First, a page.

Once you have been properly served, your legal team must determine the most appropriate response. In the event that the suit was not filed in a timely manner, the wrong party was named or the plaintiff does not have a cause of action, the filing of a motion to dismiss the lawsuit may be appropriate. If not, an answer that denies the plaintiff's allegations and asserts the company's affirmative defences must be filed prior to the deadline.

In many courts, once the answer has been filed, the court will set up a status conference to select a trial date, discuss any issues that may be important and formally start the discovery process. In the federal court system, a trial date can be expected to be scheduled roughly eight to 10 months after the status conference.

Once the stage is set, the discovery process begins. Although each case is different, parties usually follow a predictable pattern of:

  • preparing initial disclosures;
  • exchanging written discovery;
  • issuing record subpoenas and document requests to third parties;
  • deposing the plaintiff and fact witnesses;
  • exchanging expert reports;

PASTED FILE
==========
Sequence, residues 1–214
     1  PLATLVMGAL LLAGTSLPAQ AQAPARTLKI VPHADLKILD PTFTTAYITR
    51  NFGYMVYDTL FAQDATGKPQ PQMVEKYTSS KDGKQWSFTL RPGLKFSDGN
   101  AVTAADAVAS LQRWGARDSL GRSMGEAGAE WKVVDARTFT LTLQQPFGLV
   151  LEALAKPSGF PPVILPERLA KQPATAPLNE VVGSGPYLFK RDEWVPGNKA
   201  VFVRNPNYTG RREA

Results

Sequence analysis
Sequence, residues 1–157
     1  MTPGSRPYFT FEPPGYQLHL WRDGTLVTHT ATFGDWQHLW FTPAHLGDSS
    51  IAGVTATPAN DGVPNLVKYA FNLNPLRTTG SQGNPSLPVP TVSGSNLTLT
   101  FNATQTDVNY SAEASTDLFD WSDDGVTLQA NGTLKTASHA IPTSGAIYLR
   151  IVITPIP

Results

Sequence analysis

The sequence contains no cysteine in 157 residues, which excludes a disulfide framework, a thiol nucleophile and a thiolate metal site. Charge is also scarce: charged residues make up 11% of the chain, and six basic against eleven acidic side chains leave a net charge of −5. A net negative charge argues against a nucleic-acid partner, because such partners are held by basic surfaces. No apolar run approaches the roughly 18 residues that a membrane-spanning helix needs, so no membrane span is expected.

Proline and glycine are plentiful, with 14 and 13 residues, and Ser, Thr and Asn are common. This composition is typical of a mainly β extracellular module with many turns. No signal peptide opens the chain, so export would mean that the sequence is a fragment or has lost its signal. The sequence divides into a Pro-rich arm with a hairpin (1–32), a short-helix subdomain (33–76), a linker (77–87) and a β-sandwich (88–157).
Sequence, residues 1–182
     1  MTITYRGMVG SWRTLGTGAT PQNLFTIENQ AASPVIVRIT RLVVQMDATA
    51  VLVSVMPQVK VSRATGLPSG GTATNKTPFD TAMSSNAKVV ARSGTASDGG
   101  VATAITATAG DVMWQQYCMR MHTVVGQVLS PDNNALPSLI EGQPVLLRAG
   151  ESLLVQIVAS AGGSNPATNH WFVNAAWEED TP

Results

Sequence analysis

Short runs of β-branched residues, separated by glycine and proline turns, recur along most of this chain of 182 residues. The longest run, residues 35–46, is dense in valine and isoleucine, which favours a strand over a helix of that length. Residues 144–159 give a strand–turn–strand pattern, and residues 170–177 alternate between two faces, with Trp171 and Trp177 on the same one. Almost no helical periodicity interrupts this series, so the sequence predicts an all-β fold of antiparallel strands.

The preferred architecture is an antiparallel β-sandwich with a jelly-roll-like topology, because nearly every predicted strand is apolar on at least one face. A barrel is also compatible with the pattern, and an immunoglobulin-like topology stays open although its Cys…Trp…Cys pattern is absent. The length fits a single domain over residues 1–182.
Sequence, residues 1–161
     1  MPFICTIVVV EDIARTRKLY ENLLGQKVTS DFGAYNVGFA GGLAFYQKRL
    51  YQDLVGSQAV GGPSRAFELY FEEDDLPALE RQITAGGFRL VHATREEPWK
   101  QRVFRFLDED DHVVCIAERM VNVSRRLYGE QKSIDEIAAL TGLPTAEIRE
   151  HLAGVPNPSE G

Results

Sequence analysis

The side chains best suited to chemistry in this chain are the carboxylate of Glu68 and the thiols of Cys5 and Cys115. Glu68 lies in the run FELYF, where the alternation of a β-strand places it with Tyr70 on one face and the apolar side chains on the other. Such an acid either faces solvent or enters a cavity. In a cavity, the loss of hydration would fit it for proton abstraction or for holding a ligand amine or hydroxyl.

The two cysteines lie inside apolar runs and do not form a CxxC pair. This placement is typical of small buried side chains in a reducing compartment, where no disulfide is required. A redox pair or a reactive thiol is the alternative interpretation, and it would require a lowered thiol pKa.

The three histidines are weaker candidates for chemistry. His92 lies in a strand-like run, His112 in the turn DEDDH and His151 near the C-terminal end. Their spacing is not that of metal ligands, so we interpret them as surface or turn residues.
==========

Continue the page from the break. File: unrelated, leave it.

• deposing experts; and
  • taking trial perpetuation depositions, if needed.

The discovery phase is where the bulk of the work is done. It is also the phase that requires company resources to assist the legal team in producing the requested documentation and witnesses needed to work up your side of the case and respond to the other side's discovery requests. The work done during the investigative phase can save you resources during the discovery phase, as most of the requested information will have already been compiled and provided to counsel.

Once the discovery phase is complete, the trial preparation phase begins. This includes the filing of pre-trial motions, the fine-tuning of arguments and the preparation of trial witnesses and exhibits. Productive settlement discussions are often held during this phase once both sides have a firm grasp of the evidence to be presented at trial.